Seeking to uphold union democracy, the American Civil Liberties Union of Washington and Public Citizen filed suit on April 14 backing the free speech rights of a union member running for office. The suit was filed on behalf of Joseph Hughes to secure his right to speak with fellow members of the International Brotherhood of Electrical Workers (IBEW).
Hughes is running for Business Manager in the June election of IBEW Local 46, in the Seattle area. Hughes is challenging a Local 46 rule that forbids candidates from discussing the union election or having political paraphernalia – including buttons or bumper stickers – anywhere on the union’s premises, including the hallways of the union hall or even in the union parking lot. Because the union runs a hiring hall to which members come daily from surrounding counties in order to secure work, the rule limits a candidate’s ability to campaign effectively.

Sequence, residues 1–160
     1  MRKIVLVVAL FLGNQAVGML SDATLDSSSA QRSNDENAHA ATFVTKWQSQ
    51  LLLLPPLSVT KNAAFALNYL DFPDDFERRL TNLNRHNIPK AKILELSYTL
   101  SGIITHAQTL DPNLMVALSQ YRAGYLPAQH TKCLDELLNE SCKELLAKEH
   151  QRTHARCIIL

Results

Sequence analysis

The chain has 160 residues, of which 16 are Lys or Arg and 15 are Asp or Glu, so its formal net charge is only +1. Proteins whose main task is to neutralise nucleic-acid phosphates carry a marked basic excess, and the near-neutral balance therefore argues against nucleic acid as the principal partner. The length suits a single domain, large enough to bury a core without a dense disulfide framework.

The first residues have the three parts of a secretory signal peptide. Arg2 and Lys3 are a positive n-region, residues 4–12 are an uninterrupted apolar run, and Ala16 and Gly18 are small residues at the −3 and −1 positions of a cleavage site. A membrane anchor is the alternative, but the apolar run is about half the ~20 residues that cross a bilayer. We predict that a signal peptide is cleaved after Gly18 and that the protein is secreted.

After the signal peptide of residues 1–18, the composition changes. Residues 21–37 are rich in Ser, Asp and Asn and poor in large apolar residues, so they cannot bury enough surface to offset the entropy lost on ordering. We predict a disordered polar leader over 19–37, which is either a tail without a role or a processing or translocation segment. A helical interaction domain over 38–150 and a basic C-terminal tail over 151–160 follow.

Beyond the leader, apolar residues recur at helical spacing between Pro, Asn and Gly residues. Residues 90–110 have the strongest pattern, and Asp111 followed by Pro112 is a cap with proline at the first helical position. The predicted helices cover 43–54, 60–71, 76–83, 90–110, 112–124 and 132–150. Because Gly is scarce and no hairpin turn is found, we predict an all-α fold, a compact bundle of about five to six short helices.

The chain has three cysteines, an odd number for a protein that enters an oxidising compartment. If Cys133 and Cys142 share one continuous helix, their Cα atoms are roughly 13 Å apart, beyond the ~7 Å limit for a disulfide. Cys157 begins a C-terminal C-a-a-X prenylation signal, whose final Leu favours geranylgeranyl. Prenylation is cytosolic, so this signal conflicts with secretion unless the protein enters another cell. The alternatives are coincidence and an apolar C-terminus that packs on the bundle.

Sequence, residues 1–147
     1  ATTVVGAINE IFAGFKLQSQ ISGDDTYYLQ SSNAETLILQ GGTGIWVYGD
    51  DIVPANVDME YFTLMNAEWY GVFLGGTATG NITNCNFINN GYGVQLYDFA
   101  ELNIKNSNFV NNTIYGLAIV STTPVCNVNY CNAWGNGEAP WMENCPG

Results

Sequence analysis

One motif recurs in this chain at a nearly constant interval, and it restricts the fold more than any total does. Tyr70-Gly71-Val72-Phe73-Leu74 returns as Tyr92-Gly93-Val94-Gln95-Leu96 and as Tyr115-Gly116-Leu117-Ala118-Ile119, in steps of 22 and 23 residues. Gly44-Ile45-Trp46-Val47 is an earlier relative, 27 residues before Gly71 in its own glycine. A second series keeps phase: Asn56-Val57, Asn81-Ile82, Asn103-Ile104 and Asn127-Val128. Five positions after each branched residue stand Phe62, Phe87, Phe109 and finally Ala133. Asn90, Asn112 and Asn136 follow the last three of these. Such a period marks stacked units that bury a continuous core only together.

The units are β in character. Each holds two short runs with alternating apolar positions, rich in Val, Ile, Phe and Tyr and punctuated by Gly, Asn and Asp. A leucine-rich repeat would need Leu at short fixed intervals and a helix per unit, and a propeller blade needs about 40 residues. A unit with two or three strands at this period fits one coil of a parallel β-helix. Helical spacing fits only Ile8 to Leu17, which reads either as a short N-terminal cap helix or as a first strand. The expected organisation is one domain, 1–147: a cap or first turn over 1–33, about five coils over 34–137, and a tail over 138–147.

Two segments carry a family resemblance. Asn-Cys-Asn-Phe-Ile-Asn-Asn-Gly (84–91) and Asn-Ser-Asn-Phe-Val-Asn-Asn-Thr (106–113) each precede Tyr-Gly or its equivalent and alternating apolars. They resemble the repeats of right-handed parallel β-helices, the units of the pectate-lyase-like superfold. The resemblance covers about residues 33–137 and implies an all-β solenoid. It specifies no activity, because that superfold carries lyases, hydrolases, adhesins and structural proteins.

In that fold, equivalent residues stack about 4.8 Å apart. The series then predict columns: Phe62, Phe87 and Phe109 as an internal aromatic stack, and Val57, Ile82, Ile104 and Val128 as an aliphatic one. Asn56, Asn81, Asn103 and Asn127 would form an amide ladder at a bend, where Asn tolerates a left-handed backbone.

The lawsuit asserts that Local 46’s rule violates the federal Labor-Management Reporting and Disclosure Act of 1959, which guarantees the right of all union members to speak to each other about elections, both in and out of union meetings. The lawsuit seeks an injunction barring union officials from interfering with Hughes’s free speech rights and seeks to overturn the rule barring campaigning and political paraphernalia on union premises.
Local 46 officials previously resisted Hughes’s requests to communicate with union members via e-mail at his own expense, but this week they agreed to permit his campaign e-mails. The ACLU and Public Citizen will be watching closely to ensure that this agreement is carried out. The lawsuit was filed in the United States District Court for Western Washington in Seattle. Staff attorney Aaron Caplan is handling the case for the ACLU of Washington, and attorneys Paul Alan Levy and Michael Kirkpatrick are handling the case for Public Citizen.